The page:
Medial epicondylitis is commonly referred to as, ‘golfer’s elbow’. Basically it is a form of tendinitis that flares up on the inside region of the elbow. The inflammation occurs where the tendons located in the forearm muscles connect to the interior bony part of the elbow, The area pulls away and sustains micro-tears. Injury or irritation causes the area to become swollen and painful. It is not uncommon to suffer such discomfort that holding a cup of coffee becomes almost impossible.
Symptoms of Golfer’s Elbow
You may experience shooting pain up to the elbow or tingling. Once you start exhibiting symptoms of a golfers elbow you should seek medical advice from a doctor and physical therapist. Remember, the pain is not always localized to the elbow but can also spread down to the wrist and fingers.
Golfer’s Elbow Symptoms include:
- Pain and tenderness near the bony knob located on the outside of your elbow
- Muscle pain in the forearm
- Pain and discomfort in the upper and lower arm
- Pain when you place your palms upward, make a fist or grip an object
- Limited range of motion any time you lift your hand or try to flex your wrist
Understanding the Cause of Golfer’s Elbow
Golfer’s elbow is considered an overuse injury that is almost identical to tennis elbow. The constant use of the elbow causes fine micro-tears in the flexor muscles of the forearm.
The elbow pain occurs along the medial side of the arm by the elbow. The pain can radiate down to the forearm.
Yes, playing golf or tennis can both cause elbow problems. However, if you have golfer’s elbow then other things can cause a flare-up and discomfort in the elbow medial epicondyle. The following list of activities often causes a bout of golfer’s elbow.
- Improper form while golfing
- Weight lifting
- Use of household hand tools
- Racquet sports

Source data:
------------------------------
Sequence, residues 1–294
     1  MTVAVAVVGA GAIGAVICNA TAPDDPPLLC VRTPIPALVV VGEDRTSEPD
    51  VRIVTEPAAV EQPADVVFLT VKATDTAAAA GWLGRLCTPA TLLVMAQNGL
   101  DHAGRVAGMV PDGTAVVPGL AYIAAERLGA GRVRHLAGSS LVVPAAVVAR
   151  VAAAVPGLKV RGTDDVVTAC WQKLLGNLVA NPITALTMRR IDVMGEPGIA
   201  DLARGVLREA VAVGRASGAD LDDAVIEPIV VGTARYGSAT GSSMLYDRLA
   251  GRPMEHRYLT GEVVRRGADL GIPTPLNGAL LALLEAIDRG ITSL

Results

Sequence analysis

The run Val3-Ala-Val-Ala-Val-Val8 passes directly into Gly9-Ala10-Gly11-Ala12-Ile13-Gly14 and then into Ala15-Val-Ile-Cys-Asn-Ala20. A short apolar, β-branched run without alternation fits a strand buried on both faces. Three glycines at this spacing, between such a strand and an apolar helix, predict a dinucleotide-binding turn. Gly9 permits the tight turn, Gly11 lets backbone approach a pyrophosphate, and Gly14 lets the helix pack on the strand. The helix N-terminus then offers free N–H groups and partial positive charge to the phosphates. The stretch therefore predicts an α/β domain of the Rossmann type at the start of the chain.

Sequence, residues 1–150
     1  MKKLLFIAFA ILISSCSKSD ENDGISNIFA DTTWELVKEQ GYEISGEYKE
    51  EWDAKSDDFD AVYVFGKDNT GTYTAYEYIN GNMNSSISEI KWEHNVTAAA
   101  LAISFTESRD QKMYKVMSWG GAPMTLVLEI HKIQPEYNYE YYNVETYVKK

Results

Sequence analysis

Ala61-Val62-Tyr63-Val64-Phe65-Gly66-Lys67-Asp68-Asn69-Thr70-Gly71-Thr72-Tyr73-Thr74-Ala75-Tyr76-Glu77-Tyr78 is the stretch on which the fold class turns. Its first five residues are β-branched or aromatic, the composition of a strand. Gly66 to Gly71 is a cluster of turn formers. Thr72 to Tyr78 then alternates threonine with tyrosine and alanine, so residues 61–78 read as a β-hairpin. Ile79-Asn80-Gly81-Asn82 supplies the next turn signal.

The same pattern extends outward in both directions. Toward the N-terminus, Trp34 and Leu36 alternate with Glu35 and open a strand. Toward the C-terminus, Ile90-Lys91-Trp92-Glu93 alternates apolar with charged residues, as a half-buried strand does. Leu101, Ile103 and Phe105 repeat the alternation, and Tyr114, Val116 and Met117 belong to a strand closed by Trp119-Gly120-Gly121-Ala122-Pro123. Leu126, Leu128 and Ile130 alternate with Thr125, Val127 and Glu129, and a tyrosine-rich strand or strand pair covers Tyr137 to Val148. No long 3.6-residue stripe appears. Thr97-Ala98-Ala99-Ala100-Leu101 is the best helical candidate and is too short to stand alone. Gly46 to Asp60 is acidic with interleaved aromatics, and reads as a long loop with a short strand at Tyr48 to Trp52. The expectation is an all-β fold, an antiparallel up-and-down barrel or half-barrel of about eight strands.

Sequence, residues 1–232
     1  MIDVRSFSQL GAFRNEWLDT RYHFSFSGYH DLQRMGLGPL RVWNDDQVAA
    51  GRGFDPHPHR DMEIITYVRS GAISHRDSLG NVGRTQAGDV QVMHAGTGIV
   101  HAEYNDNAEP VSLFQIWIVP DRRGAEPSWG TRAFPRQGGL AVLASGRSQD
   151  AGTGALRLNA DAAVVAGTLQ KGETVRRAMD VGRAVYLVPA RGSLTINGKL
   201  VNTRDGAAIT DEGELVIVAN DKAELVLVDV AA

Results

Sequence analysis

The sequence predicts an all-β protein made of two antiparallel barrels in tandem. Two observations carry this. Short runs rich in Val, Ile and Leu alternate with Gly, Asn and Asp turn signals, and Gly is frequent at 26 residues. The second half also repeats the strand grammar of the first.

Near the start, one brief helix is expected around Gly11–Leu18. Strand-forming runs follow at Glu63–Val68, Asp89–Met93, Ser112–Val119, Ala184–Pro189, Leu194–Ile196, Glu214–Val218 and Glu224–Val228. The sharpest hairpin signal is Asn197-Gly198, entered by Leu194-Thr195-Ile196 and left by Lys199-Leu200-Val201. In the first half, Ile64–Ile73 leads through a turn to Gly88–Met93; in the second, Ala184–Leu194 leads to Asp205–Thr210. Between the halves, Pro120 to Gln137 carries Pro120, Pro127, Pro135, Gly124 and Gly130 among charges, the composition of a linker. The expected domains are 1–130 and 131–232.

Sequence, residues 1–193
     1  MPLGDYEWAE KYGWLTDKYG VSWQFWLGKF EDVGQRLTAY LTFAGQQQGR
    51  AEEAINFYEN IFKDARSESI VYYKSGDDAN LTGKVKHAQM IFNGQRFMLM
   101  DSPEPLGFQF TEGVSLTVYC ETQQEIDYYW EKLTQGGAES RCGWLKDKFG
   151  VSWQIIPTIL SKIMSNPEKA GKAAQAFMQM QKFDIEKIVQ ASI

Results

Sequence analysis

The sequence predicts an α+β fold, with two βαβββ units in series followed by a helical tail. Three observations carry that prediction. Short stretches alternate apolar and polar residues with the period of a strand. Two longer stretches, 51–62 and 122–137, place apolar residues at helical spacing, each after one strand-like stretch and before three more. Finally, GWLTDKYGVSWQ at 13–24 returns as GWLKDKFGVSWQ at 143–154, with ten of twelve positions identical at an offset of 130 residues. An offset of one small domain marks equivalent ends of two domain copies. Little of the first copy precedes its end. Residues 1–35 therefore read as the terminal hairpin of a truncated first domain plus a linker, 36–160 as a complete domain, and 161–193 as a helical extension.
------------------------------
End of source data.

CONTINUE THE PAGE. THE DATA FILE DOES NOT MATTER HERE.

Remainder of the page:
- Playing a musical instrument
- Weight lifting
Golfers Elbow Treatment Options
Overuse of the elbow causes the painful condition called golfers elbow. However, simple stretching and exercises can offer hope of relief. Proper stretches can even help prevent future bouts of the disorder so you can enjoy the sport of golf long term.
- Anti-inflammatory Pain Reliever: Over-the-counter anti-inflammatory pain meds such as acetaminophen (Tylenol) and nonsteroidal anti-inflammatory drugs (NSAIDs) are beneficial in easing the pain and discomfort.
- Physical therapy: A physical therapist will offer a variety of stretching exercises and treatments to help improve your elbow.
- Elbow brace: An elbow brace cradles and protects it from further damage. It also reduces tendon and muscle stretch.
- Pressure: Pressure such as compression from an ace bandage offers support in much the same way as an elbow brace.
- Injections of platelet-rich plasma: Injection into the site of the injury using PRP helps the body heal naturally.
- Ice: Ice reduces inflammation and provides numbing.
Stretching Exercises for Golfer’s Elbow
Here are a few exercises that can help not only prevent but treat golfer’s elbow.
Wrist Extensor Stretch
Your wrist uses its extensor muscles to perform its range of motion.
- Extend your left arm so it is out in front of your body so your palm faces forward
- Use your right hand to bend the wrist downward until you feel a stretch in your forearm
- Hold the stretch for 10 to 15 seconds